Movies

‘Sholay’ is history!

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MUMBAI: There was a time when the trend was to convert old black-and-white classics into colour format and re-release them. The trend did not last for obvious reasons. Converting normal films into 3D started in the US while in India doing so with Sholay will prove to be the ultimate test for Hindi films since it is a trendsetter - box office hit and a cult. If it works, it will open the floodgates of more such attempts and if it does not, it will put paid to all such aspirations. The original was written off during its initial few weeks of its release as a major failure but, finally, its technically better 70mm/stereophonic version turned the trend in its favour to make it what it became, a legend. Will this additional technical enhancement reactivate its box office account?

To refresh the memories on the story front, Sholay (1975) finds its roots in the all time classic, Akira Kurosawa’s Japanese film, Seven Samurai (1954), which was later adapted in Hollywood as The Magnificent Seven (1960). A farming village in Mexico hires seven gunmen from the US to protect them from a bunch of 40 bandits who raid them every year to take away their farm product. In Sholay, Sanjeev Kumar, an ex-policeman hires two petty goons, Dharmendra and AmitabhBachchan, known for their valour to save his villagers from a similar exploitation by the gang of Gabbar Singh, played by Amjad Khan. Though his first major break and his entry happening almost 75 minutes into the film, his character became a cult figure.

The film is an old fashioned three-and-a-half-hour-long one since in those days less than three hours made people feel cheated. And the film justifies its duration by giving many side actors of the time memorable roles and lines. Among them were Asrani (Angrezon ke zamane ka jailor), Mak Mohan (Sambha), AK Hangal (the blind Imaam of the village mosque), even Hema Malini’s tonga-pulling mare, Dhanno! The writers, Salim and Javed, who made the story/script writers respectable in the film industry, specialised in penning memorable dialogue and that is the reason that even though the film’s music track was not found to be popular and its albums were not in demand, the music company, Polydor India, minted on the release of the film’s dialogue tracks on LPs and cassettes.

If slotted, Sholay would fall in the category of dacoit film. Yet it was much different from other dacoit films, blending the past and contemporary movies of that era. The one memorable dacoit film before Sholay was a few years earlier, in 1971 in Mera Gaon Mera Desh followed by Khote Sikkay in 1974; the trend came to an end since no one could better Sholay and also because Sholay stayed in theatres for five long years. While these were all make-believe dacoit films, the real one came around in 1994, Bandit Queen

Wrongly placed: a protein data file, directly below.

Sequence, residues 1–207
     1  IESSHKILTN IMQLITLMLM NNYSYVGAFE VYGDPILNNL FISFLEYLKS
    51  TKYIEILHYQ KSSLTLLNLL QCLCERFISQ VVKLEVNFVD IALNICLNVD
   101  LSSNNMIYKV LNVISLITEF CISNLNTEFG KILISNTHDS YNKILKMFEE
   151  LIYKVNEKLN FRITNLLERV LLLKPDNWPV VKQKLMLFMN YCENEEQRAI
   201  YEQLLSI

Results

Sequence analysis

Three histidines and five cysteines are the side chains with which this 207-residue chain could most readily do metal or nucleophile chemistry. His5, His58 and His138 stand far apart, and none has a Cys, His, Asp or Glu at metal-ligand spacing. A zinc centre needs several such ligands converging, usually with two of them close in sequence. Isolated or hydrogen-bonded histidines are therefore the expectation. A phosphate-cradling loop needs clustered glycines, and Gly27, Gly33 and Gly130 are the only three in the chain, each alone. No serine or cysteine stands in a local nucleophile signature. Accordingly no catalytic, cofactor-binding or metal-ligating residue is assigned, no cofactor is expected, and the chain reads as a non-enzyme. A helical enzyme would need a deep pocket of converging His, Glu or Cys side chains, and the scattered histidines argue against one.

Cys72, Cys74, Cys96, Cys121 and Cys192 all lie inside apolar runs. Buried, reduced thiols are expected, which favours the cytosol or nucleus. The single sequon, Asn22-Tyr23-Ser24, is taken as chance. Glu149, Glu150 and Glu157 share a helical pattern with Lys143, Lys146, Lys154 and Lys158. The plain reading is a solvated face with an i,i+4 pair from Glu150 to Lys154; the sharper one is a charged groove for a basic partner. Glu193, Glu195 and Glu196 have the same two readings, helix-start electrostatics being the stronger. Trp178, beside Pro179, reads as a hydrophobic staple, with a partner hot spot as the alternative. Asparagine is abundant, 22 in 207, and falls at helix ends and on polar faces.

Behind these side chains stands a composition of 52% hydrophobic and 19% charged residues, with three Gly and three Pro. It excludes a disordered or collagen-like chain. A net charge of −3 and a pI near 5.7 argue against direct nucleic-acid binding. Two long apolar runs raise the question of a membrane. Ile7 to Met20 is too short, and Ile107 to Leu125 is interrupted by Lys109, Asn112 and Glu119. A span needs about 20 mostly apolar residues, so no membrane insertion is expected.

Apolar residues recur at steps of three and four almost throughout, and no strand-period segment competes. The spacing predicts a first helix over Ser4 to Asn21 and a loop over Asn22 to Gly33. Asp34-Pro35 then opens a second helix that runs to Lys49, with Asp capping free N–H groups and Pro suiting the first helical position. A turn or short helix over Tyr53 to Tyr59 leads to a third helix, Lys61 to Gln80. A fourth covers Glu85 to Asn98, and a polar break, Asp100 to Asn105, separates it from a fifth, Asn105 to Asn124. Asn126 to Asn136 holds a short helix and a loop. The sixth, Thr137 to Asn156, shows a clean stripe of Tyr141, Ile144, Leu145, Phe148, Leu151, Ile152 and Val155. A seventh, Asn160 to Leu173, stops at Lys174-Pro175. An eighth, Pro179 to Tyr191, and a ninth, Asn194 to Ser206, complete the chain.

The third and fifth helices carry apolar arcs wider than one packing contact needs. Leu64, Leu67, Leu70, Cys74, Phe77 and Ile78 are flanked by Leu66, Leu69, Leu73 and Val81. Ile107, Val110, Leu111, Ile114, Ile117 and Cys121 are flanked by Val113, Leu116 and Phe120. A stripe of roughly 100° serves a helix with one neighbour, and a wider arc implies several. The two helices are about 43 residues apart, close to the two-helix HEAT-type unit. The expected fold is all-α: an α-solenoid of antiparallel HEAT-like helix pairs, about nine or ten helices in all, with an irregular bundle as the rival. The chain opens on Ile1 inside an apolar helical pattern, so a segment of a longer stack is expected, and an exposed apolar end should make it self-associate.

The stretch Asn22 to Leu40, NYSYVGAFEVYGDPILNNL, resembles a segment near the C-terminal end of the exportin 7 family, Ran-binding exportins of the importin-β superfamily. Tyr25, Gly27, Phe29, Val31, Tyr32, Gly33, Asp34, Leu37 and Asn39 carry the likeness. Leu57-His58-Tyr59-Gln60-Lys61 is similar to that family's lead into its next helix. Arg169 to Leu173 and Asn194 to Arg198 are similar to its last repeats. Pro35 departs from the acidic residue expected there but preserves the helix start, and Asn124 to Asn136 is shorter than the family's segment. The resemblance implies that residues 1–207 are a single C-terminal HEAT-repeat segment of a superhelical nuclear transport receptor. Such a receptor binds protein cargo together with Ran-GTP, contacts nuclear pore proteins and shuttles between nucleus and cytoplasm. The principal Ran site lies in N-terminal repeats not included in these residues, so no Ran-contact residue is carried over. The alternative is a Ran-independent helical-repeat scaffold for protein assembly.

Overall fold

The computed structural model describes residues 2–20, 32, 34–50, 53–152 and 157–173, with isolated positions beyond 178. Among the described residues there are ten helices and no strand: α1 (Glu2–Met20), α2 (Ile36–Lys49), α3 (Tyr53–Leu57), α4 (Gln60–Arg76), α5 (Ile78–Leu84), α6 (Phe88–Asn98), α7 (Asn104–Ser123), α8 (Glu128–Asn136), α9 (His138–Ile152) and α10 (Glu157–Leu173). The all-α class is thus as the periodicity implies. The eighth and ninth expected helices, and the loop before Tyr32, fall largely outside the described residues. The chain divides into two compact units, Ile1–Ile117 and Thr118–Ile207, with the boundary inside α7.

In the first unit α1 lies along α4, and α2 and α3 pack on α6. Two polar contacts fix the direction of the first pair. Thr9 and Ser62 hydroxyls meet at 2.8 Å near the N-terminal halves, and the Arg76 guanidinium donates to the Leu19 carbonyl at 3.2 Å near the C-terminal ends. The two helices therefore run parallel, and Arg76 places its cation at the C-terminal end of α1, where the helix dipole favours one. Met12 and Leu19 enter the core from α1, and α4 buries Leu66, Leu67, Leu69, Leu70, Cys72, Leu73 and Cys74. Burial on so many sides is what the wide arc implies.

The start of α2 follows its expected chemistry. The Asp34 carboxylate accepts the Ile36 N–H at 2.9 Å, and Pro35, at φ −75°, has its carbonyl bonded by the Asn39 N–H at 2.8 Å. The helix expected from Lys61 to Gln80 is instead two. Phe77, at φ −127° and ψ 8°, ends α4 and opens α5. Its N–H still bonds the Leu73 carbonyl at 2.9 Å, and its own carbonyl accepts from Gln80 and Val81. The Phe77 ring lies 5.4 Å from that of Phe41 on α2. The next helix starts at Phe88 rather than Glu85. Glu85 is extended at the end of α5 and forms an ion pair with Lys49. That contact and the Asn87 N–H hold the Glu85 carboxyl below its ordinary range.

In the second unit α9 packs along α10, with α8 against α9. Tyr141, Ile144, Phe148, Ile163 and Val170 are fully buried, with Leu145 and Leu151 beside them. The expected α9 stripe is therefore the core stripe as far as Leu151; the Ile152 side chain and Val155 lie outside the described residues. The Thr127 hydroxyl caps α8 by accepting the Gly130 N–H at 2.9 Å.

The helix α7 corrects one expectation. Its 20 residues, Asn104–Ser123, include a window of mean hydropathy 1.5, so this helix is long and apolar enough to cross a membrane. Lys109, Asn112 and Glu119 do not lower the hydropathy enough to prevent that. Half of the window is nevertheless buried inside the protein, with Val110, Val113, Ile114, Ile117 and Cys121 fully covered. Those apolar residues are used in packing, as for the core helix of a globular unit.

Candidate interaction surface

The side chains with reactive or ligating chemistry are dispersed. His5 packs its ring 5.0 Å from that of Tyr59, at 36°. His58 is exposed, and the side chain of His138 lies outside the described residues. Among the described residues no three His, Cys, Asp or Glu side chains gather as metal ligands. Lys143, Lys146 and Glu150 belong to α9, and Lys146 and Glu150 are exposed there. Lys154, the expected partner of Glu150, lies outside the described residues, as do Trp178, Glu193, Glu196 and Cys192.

How can one review a film made over 38 years ago and had tomes written about it?

As for this 3D version, it has been very economical with 3D scenes and not gone overboard. The 3D resolution is such that you may easily watch it without 3D glasses but the main 3D scenes would be missed; the few that the film has are not worth missing.

The opening response in the initial shows has not shown much enthusiasm by moviegoers and, if the trend continues through the weekend, this will be the epitaph for the legend of Sholay.

Producer: G P Sippy.



Director: Ramesh Sippy.



Cast: : Dharmendra, Sanjeev Kumar, Amitabh Bachchan, HemaMalini, Jaya Bhaduri, Amjad Khan, SatyenKappu, AK Hangal, Sachin, Jagdeep, Leela Mishra, Asrani, Keshto Mukherjee, Mak Mohan, VijuKhote, Iftekhar, in spl appearance Helen and Jalal Agha.

Disaster in making

Mr Joe B Carvalho collects a bunch of small time actors with a reputation for having done good comedy films once upon a time and thinks it has the formula! How about getting a scriptwriter with a sense of comedy, humour, repartees and how about a director who shares these traits too? The so called comic actors can do precious little without content. The imagination is so scarce, that in this film based in Bangaluru, all the characters happen to be Punjabi!

The film has no story as such so to narrate it is a task but, to put it in nutshell, like many such attempts it is about mistaken identities and a career loser, Arshad Warsi, who plays a detective. Now, how many times have we seen a fumbling, bumbling, detective before? Remembering Pink Panther at this moment will be sacrilege (though the poster design has certainly stolen from there).

Warsi, a detective, is handed a case by Shakti Kapoor, who wants to stop his daughter from marrying a cook with whom she has run away. On the other hand, Snehal Dabi, an Idi Amin caricature, has fallen in love with Geeta Basra while she loves some diamond merchant. So being Idi Amin-like, he gives out a supari (contract) on her beau to Carlos aka Javed Jaffery; may the real legendary international assassin Carlos rest in peace!

The comedy as well as the humour is just about nonexistent in this film. Casting is totally awry. The film credits four people for lyrics but not a single song makes sense (and they’re out of sync too). Arshad, Soha, Javed as well as the others are ineffective.

Mr Joe B Karvalho is a disaster waiting to happen soon as opens on its first Friday.

Producer: Bholaram Malviya, Shital Malviya.



Director: Samir Tewari.



Cast: : Arshad Warsi, Soha Ali Khan, Jaaved Jaaferi, Vijay Raaz, Shakti Kapoor, Vrajesh Hirjee, Geeta Basra, Karishma Kotak, Ranjeet, Himani Shivpuri, Manoj Joshi, Snehal Dabi, Chitra Shenoy.

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